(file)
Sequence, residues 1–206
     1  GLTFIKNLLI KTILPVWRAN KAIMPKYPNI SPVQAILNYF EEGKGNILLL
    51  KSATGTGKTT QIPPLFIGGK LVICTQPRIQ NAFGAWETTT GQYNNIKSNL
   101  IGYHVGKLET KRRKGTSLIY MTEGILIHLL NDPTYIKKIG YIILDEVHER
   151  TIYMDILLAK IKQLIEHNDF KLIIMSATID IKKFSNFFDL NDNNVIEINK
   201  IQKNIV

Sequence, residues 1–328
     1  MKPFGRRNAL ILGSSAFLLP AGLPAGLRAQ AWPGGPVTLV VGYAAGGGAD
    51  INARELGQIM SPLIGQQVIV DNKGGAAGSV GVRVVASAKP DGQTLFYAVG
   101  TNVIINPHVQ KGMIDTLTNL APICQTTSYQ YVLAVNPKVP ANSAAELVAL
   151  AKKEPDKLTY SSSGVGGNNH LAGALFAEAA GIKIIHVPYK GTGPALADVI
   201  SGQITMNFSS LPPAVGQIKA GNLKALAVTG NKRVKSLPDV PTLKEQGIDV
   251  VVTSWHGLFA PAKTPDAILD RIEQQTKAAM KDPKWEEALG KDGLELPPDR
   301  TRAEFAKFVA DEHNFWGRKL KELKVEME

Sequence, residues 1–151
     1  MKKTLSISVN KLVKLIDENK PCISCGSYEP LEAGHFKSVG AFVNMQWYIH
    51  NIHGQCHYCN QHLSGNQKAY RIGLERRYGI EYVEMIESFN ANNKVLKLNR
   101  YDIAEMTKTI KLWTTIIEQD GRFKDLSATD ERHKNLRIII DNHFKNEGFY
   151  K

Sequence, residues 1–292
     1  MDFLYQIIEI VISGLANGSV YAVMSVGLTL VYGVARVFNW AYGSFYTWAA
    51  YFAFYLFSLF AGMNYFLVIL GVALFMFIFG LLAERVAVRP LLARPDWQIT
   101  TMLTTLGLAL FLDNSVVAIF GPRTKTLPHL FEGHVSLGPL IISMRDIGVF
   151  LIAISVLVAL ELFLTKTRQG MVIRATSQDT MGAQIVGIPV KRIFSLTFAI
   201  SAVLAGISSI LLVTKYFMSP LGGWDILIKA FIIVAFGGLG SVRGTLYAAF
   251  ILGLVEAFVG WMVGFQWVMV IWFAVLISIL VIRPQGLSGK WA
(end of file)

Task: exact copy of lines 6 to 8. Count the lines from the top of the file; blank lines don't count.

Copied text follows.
   201  IQKNIV

Sequence, residues 1–328
     1  MKPFGRRNAL ILGSSAFLLP AGLPAGLRAQ AWPGGPVTLV VGYAAGGGAD